The format is simple.
During the day, the ringmasters, Walt Mossberg and Kara Swisher, pepper CEOs with questions as their targets do their best to stick to talking points and avoid sweating out.
At night, dinners and drinks move to poker and pizza upstairs, where billionaires, founders, journalists – and even a few bankers – talk about the future of the internet, technology and the world.
This year’s interviews featured Sheryl Sandberg (Facebook), Dick Costolo (Twitter), Ben Silbermann (Pinterest), Barry Diller (IAC), Jeff Zucker (CNN), Tim Cook (Apple), John Chambers (Cisco), Jeffrey Immelt (GE) and Kazuo Hirai (Sony).
I’ve become a big fan of content curation in the last year or two. It’s one way that site or business owners can build a community around their brands as well as develop a reputation as a “thought leader” on a subject. Many people, however, aren’t familiar with it. When people ask, I tell them, with so much information on the web these days, people want to see content about a topic, but curated by someone whose opinion they respect. Content curation sites allow for this.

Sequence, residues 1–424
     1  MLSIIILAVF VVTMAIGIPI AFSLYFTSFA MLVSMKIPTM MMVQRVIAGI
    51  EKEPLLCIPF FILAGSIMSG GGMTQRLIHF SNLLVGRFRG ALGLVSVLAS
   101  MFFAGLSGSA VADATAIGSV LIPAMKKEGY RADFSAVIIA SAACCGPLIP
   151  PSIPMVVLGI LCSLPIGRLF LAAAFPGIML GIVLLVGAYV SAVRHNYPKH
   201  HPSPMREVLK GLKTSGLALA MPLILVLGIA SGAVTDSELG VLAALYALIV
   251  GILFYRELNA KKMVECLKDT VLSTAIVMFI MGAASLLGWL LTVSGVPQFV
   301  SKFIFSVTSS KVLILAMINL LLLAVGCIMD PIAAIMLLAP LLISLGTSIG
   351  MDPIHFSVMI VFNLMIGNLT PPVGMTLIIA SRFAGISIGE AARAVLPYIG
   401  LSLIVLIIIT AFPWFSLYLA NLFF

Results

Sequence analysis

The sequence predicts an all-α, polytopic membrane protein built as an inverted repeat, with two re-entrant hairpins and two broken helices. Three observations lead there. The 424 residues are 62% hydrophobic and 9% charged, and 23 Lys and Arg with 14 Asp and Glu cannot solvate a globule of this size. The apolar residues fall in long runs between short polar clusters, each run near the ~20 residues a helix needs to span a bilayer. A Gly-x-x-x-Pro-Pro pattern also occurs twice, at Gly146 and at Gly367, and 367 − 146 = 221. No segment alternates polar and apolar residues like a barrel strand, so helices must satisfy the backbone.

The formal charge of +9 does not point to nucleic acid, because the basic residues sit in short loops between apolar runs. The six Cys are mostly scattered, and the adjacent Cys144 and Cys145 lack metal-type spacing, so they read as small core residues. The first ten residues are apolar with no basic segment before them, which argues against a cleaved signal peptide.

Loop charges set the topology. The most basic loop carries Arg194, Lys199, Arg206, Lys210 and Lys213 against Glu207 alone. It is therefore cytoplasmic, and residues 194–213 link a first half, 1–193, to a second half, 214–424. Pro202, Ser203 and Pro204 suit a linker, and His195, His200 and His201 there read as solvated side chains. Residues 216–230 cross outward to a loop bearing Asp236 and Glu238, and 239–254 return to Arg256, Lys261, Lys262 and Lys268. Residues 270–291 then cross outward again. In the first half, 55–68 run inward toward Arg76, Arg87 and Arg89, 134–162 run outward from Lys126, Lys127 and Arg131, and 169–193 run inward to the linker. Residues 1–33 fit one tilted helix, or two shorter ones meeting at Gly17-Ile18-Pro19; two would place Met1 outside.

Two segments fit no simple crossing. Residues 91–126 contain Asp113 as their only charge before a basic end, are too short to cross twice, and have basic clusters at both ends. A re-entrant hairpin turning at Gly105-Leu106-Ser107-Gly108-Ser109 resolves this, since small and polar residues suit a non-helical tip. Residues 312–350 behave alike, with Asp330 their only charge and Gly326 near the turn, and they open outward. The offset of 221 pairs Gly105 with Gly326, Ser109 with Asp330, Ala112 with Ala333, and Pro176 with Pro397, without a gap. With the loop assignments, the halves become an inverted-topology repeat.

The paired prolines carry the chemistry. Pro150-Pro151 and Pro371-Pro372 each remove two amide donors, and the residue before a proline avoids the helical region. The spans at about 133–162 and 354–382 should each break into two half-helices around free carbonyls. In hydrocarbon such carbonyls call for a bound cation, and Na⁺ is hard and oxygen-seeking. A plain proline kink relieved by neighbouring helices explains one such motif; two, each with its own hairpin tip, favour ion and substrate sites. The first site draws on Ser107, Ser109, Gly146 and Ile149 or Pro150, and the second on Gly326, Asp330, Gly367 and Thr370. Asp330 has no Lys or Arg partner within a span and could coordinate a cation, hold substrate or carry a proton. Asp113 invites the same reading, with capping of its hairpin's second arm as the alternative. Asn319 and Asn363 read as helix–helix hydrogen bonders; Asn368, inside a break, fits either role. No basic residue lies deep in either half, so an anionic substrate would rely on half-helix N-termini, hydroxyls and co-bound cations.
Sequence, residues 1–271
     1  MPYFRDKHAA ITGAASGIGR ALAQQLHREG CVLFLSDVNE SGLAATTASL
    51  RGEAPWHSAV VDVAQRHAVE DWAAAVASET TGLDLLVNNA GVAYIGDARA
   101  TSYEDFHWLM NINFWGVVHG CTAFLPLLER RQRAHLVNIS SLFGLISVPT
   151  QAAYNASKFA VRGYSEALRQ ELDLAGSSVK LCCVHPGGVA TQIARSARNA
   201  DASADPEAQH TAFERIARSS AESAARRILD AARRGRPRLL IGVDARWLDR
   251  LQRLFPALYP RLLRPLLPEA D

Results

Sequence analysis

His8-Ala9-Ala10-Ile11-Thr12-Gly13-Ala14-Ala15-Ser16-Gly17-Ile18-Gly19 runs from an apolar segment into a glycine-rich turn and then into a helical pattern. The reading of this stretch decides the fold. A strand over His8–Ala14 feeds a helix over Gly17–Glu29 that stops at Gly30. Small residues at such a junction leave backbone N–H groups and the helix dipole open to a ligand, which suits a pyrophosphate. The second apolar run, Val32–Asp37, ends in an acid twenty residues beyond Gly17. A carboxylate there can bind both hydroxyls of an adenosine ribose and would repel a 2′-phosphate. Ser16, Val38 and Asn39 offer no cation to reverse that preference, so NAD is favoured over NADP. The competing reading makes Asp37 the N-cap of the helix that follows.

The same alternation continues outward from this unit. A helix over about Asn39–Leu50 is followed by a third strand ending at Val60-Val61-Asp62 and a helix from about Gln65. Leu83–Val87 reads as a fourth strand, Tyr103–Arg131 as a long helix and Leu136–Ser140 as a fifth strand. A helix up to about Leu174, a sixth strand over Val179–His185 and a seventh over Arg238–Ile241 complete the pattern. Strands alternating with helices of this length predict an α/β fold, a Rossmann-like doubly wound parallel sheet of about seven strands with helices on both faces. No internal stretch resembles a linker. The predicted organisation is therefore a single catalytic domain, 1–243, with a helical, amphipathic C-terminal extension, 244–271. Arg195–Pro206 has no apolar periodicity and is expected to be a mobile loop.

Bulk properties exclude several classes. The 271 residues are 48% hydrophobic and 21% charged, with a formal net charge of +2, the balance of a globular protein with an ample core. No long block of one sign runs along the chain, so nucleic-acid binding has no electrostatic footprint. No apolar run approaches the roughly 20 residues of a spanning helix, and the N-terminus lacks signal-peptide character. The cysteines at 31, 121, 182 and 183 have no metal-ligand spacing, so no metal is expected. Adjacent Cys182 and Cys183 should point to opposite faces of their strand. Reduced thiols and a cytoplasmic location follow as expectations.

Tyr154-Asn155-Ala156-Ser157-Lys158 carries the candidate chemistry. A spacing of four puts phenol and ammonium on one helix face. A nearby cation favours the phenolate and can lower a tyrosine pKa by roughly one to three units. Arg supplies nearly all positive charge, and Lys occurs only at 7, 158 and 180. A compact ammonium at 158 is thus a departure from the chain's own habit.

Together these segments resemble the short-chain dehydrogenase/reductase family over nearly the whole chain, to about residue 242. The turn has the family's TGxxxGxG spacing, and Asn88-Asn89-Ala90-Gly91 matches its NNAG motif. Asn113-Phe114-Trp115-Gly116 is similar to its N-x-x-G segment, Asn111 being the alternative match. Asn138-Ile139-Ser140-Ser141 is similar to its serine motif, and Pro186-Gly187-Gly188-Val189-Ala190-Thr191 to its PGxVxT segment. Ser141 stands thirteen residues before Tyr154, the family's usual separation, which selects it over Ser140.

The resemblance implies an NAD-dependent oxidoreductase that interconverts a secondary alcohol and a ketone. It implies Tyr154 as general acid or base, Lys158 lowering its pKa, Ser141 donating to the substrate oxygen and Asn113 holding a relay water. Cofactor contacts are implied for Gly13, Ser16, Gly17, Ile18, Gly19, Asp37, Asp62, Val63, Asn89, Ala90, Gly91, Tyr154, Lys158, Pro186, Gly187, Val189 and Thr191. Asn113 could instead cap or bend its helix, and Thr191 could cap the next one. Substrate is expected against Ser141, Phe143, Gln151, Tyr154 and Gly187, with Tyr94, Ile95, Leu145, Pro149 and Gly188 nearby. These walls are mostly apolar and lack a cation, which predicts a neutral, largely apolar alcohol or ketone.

A large group of these sites has popped into existence in recent years. One way or another, they allow people or businesses to gather all their favorite blog posts, news stories, pictures or videos in one topic and store them in one place on an ongoing basis. I like to use one called Scoop.it for the majority of my content curation. I manage topics on startups, cities, the future and other subjects.
This year will boast some of the largest growths in digital marketing that the world has ever seen. The count of social network users is increasing faster than ever. Everyone seems to lives on their mobile devices and there are 175,000 new blogs created on a daily basis. It’s clear that social media, quality content, and mobile / SMS marketing are a key trio marketers will be focused on in 2013.